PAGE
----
I am not questioning that.
Does this mean that you are not questioning the statement that the education situation of the Polish minority in Lithuania is the best in the world?
Lithuania indeed has the biggest number of Polish schools among all foreign countries that have Polish communities.
I do not intend to question that. We are worried about the direction of the policy: we are worried because we do not know whether such situation of the Polish community will be preserved, especially the situation with the schools, and whether the situation would improve or worsen.
However, I would like to repeat that we hoped that after the 20 years Lithuania would start solving at least one of the problems we have raised. These are property restitution, name spelling, and bilingual spelling of place names. However, instead of solving these problems, a new problem has appeared.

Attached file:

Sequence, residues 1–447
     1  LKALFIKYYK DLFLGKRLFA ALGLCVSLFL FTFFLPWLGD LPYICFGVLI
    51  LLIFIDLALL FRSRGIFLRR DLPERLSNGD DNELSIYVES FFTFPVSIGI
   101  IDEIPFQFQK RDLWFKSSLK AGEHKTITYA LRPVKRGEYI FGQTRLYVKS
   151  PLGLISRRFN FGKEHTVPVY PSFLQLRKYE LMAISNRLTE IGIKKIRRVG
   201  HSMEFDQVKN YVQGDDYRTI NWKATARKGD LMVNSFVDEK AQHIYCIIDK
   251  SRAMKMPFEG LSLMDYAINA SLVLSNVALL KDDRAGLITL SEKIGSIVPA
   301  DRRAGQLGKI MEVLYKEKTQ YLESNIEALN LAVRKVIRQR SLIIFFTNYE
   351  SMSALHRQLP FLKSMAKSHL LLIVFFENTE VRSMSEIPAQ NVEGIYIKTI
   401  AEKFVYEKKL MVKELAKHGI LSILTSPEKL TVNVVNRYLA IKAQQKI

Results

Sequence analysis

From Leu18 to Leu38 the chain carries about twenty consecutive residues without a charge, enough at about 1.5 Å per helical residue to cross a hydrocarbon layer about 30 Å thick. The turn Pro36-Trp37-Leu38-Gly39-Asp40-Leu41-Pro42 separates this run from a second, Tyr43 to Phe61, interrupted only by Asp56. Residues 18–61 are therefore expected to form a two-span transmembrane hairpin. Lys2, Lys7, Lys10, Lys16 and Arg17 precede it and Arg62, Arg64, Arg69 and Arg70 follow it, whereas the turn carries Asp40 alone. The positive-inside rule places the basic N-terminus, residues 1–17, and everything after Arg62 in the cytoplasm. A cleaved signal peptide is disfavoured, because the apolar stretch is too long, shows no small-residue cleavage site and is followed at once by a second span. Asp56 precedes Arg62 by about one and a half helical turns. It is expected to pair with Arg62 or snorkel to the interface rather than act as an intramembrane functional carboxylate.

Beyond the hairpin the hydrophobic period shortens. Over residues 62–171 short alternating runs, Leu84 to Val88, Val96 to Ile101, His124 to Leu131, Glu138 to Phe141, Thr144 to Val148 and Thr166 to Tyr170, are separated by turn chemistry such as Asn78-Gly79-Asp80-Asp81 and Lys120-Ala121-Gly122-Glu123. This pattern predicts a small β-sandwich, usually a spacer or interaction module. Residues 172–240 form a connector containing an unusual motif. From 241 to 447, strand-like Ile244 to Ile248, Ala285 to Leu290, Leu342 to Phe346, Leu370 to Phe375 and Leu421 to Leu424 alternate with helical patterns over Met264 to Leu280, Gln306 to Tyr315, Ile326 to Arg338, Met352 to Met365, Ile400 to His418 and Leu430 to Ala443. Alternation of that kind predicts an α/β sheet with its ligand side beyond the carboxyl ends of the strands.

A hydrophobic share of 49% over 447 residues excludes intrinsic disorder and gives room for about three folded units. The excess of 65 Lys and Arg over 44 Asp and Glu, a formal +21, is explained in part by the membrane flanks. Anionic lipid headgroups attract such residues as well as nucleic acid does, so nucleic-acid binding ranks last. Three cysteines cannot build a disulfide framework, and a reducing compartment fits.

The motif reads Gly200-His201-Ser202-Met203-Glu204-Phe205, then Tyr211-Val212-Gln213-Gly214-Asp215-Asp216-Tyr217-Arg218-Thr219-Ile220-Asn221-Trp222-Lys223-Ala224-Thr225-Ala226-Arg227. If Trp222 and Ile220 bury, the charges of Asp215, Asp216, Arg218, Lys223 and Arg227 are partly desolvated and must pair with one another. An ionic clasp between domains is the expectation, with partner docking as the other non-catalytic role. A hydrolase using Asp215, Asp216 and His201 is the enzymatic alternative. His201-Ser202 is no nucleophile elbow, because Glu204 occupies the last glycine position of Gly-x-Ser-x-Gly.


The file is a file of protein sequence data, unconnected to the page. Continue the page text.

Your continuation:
And despite what I personally believe, thanks to the Lithuanian democracy, the Lithuania’s Polish community is becoming more politically influential in the country. It organizes protests and it has collected tens of thousands of signatures, asking the president not to sign the Law on Education. Unfortunately, the community was not heard.
In our opinion, from political point of view, this is not a good trend.
Still, you personally, and Poland as a country, are sure that you know what this problem is?
Despite what some Lithuania’s ethnic Polish politicians are saying, the Polish community is protesting against the Law on Education only because of the short transition period after which graduation examinations will be the same for all schools.
Let me tell you more. We do not have anything against Lithuania’s requirement for all citizens to know the Lithuanian language well. This is absolutely understandable.
When we are talking with the Lithuanian Poles we keep reminding them that they have to be loyal Lithuanian citizens. And they have to be “successful citizens,” this is why they have to know the Lithuanian language, which means they need to keenly study this language at school.